Catalysts for Cleaner Environments and Future Energy
Chemistry and lightning quick reactions are under discussion this week as Emma Schofield explains what a catalyst is, how catalytic converters work and how catalysts can help to clean up the atmosphere, and Fraser Armstrong discusses fuel cells, using hydrogen as a fuel and how enzymes naturally found in bacteria are making hydrogen a more realistic energy source for the future. In Kitchen Science, both guests are used as guinea pigs as Dave Ansell demonstrates the wonder of enzymes with nothing but a slice of bread...
In this episode
Computer Chips Communicating With Light
As computer chips get faster and faster moving information around them is getting more difficult, as sending information very fast electrically uses lots of energy. One solution is to use light to communicate, you can transmit far more information with much lower energy losses - this is actually how information is moved long distances, between mobile phone masts, across the atlantic etc. There is however a major problem, computer chips are made of silicon, but you can't make a laser out of silicon, instead of getting light out you just get heat. There are other semi-conductors which work well such as Gallium Arsenide, ore Indium Phosphide, but you can't grow them on a silicon wafer as the distance between the atoms is different, so it would be like tring to fit 2 lego bricks on top of each other, one 20% bigger than the other. John Bowers in the university of California Santa Barbra may have the solution. Make some Indium phospide and some silicon increadibly smooth and clean, oxidise them a bit, then just push them together and they stick. This way you can use the right material for making the laser on a standard silicon chip. He ahs put 26 lasers on a chop but is hoping to scale it up to thousands, leading to faster computers.
A Strange Supernova is worrying cosmologists
A supernova is basically an exploding star, the explosion can be cause for a variety of reasons. A very important type is 1a, this is caused where an old star ember called a white dwarf is slowlyy aquiring matter from another star (probably a red giant), eventually it gets so heavy that it can't support itself and it collapses. In this collapse carbon and oxygen start to fuse together creating heavier elements ( almost all the heavy elements in the universe were made in supernovae), this releases an immense amount of energy and blows the star apart creating an explosion 5 billion times brighter than the sun. Because the point at which the white dwarf collapses should always be about the same, the explosion should always have about the same amount of fuel so it should be the same brightness.
This makes typoe 1a supernovae increadibly useful as a way of judging distance because the further away something is the dimmer it appears, so if you know the brightness you can work out the distance. Cosmologists have used this to work out how far objects are, and with the red-shift which tells them how fast they are moving they have deduced all sorts of things about dark energy and the shape of the universe.
Unfortunately Andrew Howell has found what appears to be a type 1a supernova that is 2.2times brighter than the model says it should be possible to be. Maybe the star was spinning fast which allowed more matter to build up before it collapsed. This could mean that astonomer's have observed lots of supernovae that are actually at lot further away than was calculated and cosmolgists are going to have to look at their data, and possibly their conclusions very carefully.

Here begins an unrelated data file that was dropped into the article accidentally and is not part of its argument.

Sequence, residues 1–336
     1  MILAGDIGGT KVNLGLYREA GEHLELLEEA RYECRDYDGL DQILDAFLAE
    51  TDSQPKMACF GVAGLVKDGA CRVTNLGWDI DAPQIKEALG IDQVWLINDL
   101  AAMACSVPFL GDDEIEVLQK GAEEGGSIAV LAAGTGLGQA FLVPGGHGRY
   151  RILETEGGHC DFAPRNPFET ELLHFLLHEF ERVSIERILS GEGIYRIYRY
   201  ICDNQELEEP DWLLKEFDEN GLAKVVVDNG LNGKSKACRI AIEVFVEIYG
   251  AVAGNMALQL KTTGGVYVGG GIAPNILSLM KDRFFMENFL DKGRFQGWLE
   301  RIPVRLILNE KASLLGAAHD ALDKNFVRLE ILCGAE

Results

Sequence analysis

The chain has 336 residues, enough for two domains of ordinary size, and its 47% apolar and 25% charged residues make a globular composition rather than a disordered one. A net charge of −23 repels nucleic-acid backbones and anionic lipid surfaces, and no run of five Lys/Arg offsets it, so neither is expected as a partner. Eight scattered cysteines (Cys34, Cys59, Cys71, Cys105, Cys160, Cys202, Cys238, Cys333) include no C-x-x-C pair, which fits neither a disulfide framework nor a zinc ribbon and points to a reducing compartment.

White bread and the wonder of enzymes
To do the experiment, you will need:
Slice of cheap white bread
How to do the experiment:
1 - Take half a slice of bread and chew it and chew it and chew it! Even if the bread becomes disgusting, you should still keep chewing amd remember - don't swallow or you'll spoil the experiment!
2 - Pay attention to how the flavour of the bread changes.
3 - Once you think you have the answer, you can swallow the bready mush or (this is probably best!) spit it out.
What's going on?
As you chew the bread, you may have noticed that it slowly tastes sweeter. Why?
Bread is made up of starch and starch is made by plants. But how do plants make starch in the first place?
When plants take in light, they convert it into sugars through a process called photosynthesis. Once the sugar is made, they need to store it in their cells. The problem is that when there is a lot of sugar in a cell, the proportion of water in that cell is less relative to a cell with hardly any sugar in it. If there are some cells with a lower water concentration (or more sugar) than others, then a concentration gradient is established. This can be thought of as a slope: at the top of the slope are cells with lots of water (and little sugar) and at the bottom of the slope are cells with relatively little water (and lots of sugar).
If you put lots of water at the top of a slope, then it will trickle down to the bottom. This is exactly what happens in cells: the cells with a high concentration of water have some of their water sucked out and it is taken up by the cells with a low concentration of water. This continues until all the cells have an equal concentration of water and the gradient (or slope) disappears. This process of water moving between cells depending on the concentration of other small molecules (such as sugar) is called osmosis.